Contemporary photo of 4 Wells St. The bricks have been painted green, the original front porch has been removed, and a second story was added to the side room. But the basic brick structure erected by my German great-great grandfather Andrew Stoutner has stood the test of time. Photo: Zillow

The bricks have been painted green, the original front porch has been removed, and a second story was added to the side room. But the basic brick structure erected by my German immigrant great-great grandfather Andrew Stoutner has stood the test of time — and is still going strong 131 years later!

More on the Stoutners and other ancestors in March. Please stop back! Meanwhile, please visit the blogs of this week’s other Sepia Saturday participants here.

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13 thoughts on “19th Century Brick Manufacturer Andrew Stoutner”

  1. I think brickmaking was a traditional craft trade in parts of Germany where clay was plentiful. The art of masonry was different in many regions in Europe, and immigrants introduced new styles of construction that changed American buildings. Here in Asheville, Italian masonry and tile artisans were hired to work on George Vanderbilt’s Biltmore Estate and many stayed to influence the city’s urban architecture.

    Bricks have more used than buildings. In my neighborhood we have a lot of original brick paved sidewalks, and even a few streets. And industries of all kinds used it for foundations, flooring, furnaces, towers, etc. If Andrew’s business was successful he was likely supplying a variety of contractors who worked in the region.

  2. How “funny” to be reading about brickmaking today when just yesterday I was in a Zoom meeting in which the program was about the construction of a house to replicate the one that George Washington lived in as a child. In an effort to be as authentic as possible, they created the mortar in the same way it was made in the 1700s by burning wood and oyster shells.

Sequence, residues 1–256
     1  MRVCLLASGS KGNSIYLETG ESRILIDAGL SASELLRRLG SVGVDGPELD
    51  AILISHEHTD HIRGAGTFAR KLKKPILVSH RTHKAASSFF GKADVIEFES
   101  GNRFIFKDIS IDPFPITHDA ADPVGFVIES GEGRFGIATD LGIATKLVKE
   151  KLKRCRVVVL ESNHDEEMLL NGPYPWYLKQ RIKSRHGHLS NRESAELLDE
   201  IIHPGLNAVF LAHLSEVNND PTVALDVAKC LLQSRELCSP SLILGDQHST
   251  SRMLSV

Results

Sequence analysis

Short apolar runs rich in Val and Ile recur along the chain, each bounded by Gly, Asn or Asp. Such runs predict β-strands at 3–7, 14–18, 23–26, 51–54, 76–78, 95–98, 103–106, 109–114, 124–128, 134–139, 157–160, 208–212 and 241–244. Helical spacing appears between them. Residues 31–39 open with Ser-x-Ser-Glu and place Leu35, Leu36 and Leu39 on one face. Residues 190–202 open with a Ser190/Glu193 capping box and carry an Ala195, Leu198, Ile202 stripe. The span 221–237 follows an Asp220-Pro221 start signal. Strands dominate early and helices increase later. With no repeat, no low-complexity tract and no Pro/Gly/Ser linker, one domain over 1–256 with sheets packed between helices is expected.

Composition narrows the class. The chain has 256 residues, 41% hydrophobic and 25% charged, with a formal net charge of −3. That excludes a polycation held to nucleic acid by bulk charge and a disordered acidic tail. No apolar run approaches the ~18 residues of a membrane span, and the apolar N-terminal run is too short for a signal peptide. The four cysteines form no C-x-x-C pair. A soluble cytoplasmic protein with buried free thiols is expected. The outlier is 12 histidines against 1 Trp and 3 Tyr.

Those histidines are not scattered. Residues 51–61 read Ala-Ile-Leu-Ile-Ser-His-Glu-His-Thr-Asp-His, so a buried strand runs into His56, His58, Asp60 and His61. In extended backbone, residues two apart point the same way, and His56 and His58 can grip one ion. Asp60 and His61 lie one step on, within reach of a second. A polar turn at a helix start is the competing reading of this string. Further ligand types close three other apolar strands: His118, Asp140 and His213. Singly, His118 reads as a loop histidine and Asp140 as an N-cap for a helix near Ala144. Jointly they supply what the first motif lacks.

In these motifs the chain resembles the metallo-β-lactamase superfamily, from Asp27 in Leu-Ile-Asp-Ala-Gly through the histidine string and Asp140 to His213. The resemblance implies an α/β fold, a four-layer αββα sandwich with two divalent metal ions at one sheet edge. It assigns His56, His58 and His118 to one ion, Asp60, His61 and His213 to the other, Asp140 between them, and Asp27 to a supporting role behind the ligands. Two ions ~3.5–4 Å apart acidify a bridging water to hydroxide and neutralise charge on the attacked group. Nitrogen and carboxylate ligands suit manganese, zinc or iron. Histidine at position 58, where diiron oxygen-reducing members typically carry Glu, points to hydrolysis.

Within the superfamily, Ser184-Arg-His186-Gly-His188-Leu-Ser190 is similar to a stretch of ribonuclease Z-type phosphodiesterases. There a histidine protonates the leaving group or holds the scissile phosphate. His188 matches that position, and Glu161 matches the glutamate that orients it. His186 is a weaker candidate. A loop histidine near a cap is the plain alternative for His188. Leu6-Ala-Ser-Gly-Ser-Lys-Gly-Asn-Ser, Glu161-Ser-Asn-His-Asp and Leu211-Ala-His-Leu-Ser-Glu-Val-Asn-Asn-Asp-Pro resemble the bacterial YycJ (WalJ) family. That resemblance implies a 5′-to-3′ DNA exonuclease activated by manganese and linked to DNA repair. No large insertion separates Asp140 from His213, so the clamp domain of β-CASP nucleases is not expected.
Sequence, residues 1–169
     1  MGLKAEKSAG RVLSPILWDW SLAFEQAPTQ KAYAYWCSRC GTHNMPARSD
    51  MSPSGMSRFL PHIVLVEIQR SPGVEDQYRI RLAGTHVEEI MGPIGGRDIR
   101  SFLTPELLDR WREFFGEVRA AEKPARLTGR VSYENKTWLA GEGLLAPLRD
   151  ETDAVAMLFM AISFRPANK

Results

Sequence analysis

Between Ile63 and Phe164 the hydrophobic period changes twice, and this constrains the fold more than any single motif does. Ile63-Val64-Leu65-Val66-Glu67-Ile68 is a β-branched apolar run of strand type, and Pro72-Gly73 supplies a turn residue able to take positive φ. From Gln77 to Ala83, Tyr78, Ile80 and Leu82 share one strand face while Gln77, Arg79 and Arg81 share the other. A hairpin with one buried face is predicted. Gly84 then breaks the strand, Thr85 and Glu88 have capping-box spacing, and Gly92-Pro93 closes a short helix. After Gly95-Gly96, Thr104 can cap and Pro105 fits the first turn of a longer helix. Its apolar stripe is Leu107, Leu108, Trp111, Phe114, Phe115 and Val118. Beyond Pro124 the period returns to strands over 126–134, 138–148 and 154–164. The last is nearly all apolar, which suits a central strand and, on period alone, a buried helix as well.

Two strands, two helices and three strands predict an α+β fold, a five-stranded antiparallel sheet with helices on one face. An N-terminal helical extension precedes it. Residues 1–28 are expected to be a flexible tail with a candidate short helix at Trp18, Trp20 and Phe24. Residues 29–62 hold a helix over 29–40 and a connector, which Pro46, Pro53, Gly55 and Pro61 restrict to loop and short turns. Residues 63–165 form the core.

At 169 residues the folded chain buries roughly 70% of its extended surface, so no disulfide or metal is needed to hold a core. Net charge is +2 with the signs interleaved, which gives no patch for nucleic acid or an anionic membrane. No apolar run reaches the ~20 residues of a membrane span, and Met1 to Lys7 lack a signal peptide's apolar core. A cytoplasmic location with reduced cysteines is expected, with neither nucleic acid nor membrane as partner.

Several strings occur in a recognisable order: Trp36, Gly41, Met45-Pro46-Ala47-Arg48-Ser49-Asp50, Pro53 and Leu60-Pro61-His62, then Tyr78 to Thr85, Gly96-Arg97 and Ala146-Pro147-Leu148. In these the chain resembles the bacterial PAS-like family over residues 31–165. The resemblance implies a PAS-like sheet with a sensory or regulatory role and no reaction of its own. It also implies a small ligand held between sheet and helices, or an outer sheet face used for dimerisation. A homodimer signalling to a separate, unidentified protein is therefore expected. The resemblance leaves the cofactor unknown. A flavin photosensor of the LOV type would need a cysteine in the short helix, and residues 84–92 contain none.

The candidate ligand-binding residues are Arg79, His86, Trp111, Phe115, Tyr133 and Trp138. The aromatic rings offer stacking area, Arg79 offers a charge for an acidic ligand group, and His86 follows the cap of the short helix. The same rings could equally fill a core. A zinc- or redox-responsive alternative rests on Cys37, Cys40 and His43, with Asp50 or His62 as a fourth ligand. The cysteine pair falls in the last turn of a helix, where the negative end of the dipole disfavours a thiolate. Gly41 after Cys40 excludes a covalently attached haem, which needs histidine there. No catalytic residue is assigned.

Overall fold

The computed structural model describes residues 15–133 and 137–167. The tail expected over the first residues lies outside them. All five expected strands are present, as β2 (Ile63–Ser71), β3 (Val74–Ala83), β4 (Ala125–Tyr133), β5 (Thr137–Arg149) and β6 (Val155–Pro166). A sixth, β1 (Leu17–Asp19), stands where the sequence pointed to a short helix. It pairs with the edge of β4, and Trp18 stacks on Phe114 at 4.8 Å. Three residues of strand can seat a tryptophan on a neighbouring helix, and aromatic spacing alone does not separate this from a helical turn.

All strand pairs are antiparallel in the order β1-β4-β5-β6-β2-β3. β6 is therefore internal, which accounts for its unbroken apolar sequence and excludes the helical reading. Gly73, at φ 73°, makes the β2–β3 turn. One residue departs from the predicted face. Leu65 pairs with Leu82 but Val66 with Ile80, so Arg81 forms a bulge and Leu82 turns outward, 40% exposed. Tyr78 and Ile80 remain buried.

1. Brickmaking appears to be a timeless enterprise — as long as there is clay and a kiln for firing. I only wish my ancestor had molded his bricks with his initials on them.

  3. Fascinating post. I am always in awe of the time you put into such detailed research. Thanks for sharing that information about brick making – very interesting.

  4. What a wonderful heirloom to have! It tells a story, stands the test of time, and is a size that is easily portable yet not easily misplaced.

  5. That very attractive Stoutner brick is special and it’s neat you have a special place for it. Many years ago, my Mom & Dad were planning to build a cabin at our favorite lake. We laid the foundation, but that’s as far as it got before the state put a moratorium on any more building around the lake. The state purchased the lot and the foundation was eventually demolished but not before my brother and sisters and I each took a piece of the foundation to remember all the work we had put in that long-ago summer building it. It’s just a chunk of cement, but it sits just outside my back door by a lovely flowering bush.

    1. You were smart to keep a bit of that cement. What is it about objects that come from a special place or person? Perhaps it’s the retained memory that returns whenever we look at it.

  6. I am happy to hear about your gg grandfather’s brick business, and to see some of the buildings he provided bricks for. It’s really great that you have a brick he made too! Nice connection to your ancestor.

  7. I love this post Molly…it makes one curious about the art of brick-making! I remember one electrician who wrote for the Hard Hat News and was from somewhere north of NYC, used to tell me that there were whole towns around him that specialized in making bricks.

    The glove industry–makes me think of Philip Roth’s American Pastoral…which Dubofsky said was the best description of an industry/ a process — whether in fiction or in academic sources.

    Very inspiring…keep going!

    1. When I was researching this post, I found a website devoted to Hudson River brick making. Maybe that’s what the electrician was referring to. My ancestor’s bricks weren’t as fancy as those from the Hudson Valley, but they clearly did the job since so many of those Gloversville, N.Y., brick buildings are still around.